How much TQ does it make though?

gruntguru
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Re: 2014-2020 Formula One 1.6l V6 turbo engine formula

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Odd fire does not introduce significant reliability issues anyway.
je suis charlie

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JordanMugen
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Re: 2014-2020 Formula One 1.6l V6 turbo engine formula

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Holm86 wrote:
Mon Mar 30, 2020 12:31 pm
The reason I would argue for an even firing engine (besides sound)
It would be great if the rulemakers added two cylinders and went to a 2.13L 90-degree V8 engine. =D>

You could proportionally increase fuel-flow to 133 kg/hour as well, for more power and excitement. What would the race fuel allocation need to be?

PS. How come flat-plane crank V8s are so popular in motorsport, even though they are supposedly unbalanced? :?: :wtf:

gruntguru
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Re: 2014-2020 Formula One 1.6l V6 turbo engine formula

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JordanMugen wrote:
Tue Mar 31, 2020 5:14 am
Holm86 wrote:
Mon Mar 30, 2020 12:31 pm
The reason I would argue for an even firing engine (besides sound)
It would be great if the rulemakers added two cylinders and went to a 2.13L 90-degree V8 engine. =D>

You could proportionally increase fuel-flow to 133 kg/hour as well, for more power and excitement. What would the race fuel allocation need to be?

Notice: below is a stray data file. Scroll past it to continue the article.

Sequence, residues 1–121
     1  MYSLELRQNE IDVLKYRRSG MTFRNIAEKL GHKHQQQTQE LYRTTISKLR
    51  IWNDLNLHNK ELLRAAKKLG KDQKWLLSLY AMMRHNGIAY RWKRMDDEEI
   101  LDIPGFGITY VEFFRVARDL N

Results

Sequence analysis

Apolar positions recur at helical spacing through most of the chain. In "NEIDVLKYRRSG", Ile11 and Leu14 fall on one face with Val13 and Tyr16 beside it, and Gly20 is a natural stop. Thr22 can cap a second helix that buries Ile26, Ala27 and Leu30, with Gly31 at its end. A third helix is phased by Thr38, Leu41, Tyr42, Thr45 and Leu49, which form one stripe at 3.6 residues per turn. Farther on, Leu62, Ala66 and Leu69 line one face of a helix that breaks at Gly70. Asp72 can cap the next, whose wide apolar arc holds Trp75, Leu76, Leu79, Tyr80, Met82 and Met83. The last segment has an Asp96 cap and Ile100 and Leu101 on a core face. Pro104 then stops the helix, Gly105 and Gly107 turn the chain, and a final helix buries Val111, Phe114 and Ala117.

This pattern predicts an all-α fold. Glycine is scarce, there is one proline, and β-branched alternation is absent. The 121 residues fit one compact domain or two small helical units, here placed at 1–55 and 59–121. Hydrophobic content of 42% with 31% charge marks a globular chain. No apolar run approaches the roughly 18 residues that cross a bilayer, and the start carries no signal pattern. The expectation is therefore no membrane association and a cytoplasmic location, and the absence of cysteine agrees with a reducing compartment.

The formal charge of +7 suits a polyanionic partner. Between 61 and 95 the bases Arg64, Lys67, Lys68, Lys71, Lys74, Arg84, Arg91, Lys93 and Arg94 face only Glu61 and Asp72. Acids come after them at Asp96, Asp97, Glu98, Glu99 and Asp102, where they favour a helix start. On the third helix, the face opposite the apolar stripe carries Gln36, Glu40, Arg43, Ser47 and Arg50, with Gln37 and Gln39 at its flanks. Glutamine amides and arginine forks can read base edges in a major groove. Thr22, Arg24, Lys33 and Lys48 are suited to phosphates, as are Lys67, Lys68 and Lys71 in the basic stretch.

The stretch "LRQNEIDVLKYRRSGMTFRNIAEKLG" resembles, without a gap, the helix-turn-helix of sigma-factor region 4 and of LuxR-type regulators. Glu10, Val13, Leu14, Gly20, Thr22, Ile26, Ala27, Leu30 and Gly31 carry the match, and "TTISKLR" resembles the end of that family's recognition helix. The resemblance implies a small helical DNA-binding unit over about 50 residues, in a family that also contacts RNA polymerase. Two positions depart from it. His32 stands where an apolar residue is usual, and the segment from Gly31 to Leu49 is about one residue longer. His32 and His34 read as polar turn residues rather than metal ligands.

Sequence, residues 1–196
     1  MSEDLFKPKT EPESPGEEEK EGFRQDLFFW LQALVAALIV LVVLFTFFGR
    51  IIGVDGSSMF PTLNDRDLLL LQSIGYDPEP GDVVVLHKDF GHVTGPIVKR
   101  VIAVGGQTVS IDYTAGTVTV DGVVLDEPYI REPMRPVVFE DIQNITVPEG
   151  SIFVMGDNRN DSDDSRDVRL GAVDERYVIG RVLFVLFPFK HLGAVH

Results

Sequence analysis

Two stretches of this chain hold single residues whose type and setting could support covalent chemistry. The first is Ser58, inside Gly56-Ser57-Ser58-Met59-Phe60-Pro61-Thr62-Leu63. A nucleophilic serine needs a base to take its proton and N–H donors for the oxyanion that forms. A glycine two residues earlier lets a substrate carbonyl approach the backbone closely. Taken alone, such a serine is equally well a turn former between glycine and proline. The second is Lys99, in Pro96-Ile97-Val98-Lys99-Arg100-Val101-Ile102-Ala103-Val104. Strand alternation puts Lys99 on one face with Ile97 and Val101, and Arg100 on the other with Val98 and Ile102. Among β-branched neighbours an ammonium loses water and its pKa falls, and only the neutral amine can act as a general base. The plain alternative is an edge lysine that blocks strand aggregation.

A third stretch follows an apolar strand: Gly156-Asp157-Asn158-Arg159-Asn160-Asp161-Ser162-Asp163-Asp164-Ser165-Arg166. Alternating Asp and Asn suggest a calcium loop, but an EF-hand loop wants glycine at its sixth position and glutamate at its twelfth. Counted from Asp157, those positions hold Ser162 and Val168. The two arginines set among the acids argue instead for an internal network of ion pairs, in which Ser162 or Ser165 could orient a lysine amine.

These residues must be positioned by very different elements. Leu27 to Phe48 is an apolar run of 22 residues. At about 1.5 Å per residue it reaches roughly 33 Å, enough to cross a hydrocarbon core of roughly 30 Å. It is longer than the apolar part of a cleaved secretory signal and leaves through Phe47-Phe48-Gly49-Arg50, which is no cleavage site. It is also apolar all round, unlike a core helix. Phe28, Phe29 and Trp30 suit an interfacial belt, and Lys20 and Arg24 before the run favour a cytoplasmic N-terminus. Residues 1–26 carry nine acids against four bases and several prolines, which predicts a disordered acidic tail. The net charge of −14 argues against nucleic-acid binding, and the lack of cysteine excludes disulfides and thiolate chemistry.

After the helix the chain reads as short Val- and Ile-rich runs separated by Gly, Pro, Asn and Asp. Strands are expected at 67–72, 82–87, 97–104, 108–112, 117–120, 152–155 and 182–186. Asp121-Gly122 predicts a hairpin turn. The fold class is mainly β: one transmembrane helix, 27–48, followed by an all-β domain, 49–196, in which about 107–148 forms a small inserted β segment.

125 kg
PS. How come flat-plane crank V8s are so popular in motorsport, even though they are supposedly unbalanced? :?::wtf:
Don't know about "popularity" but some advantages are:
Stronger, lighter crank.
Easier to build 8-4-2 exhaust headers.
Even exhaust pulsing in twin turbo setups (especially if using divided exhaust housings for blowdown energy recovery)
Even camshaft loading in quad cam setups.
Even pulsation in twin fuel rail setups.
je suis charlie

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JordanMugen
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Re: 2014-2020 Formula One 1.6l V6 turbo engine formula

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gruntguru wrote:
Tue Mar 31, 2020 5:32 am
Don't know about "popularity"
My bad, I mean purpose-built racing engines like Cosworth, Mechachrome, Gibson, AER, Judd, the old Toyota & Honda Indycar motors, and so on. :oops: Not the (many) categories using small-block Ford, Chevrolet and Dodge engines.

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Mudflap
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Re: 2014-2020 Formula One 1.6l V6 turbo engine formula

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gruntguru wrote:
Tue Mar 31, 2020 3:13 am
Odd fire does not introduce significant reliability issues anyway.
An odd firing engine has a dominant order which is half that one of an equivalent even firing engine which means that the main excitation frequency is two times lower at any engine speed.

This makes the design of components subjected to torsional and/or linear vibration a bit more difficult.

I agree it can be hardly called a significant reliability issue.
How much TQ does it make though?